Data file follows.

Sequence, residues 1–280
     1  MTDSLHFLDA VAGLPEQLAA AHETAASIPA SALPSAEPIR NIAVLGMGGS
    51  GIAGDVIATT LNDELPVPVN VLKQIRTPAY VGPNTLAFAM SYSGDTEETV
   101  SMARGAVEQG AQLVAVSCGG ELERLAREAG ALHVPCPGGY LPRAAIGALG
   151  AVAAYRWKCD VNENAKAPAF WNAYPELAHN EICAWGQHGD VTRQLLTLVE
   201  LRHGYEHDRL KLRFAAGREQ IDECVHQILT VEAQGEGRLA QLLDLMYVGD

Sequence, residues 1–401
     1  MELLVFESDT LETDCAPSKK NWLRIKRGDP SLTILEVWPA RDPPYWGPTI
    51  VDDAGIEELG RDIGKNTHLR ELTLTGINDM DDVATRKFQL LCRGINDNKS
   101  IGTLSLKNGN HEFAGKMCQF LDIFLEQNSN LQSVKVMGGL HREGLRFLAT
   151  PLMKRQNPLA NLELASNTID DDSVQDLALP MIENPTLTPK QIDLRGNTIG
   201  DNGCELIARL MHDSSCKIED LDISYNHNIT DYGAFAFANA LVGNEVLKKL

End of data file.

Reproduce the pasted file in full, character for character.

Sequence, residues 1–280
     1  MTDSLHFLDA VAGLPEQLAA AHETAASIPA SALPSAEPIR NIAVLGMGGS
    51  GIAGDVIATT LNDELPVPVN VLKQIRTPAY VGPNTLAFAM SYSGDTEETV
   101  SMARGAVEQG AQLVAVSCGG ELERLAREAG ALHVPCPGGY LPRAAIGALG
   151  AVAAYRWKCD VNENAKAPAF WNAYPELAHN EICAWGQHGD VTRQLLTLVE
   201  LRHGYEHDRL KLRFAAGREQ IDECVHQILT VEAQGEGRLA QLLDLMYVGD

Sequence, residues 1–401
     1  MELLVFESDT LETDCAPSKK NWLRIKRGDP SLTILEVWPA RDPPYWGPTI
    51  VDDAGIEELG RDIGKNTHLR ELTLTGINDM DDVATRKFQL LCRGINDNKS
   101  IGTLSLKNGN HEFAGKMCQF LDIFLEQNSN LQSVKVMGGL HREGLRFLAT
   151  PLMKRQNPLA NLELASNTID DDSVQDLALP MIENPTLTPK QIDLRGNTIG
   201  DNGCELIARL MHDSSCKIED LDISYNHNIT DYGAFAFANA LVGNEVLKKL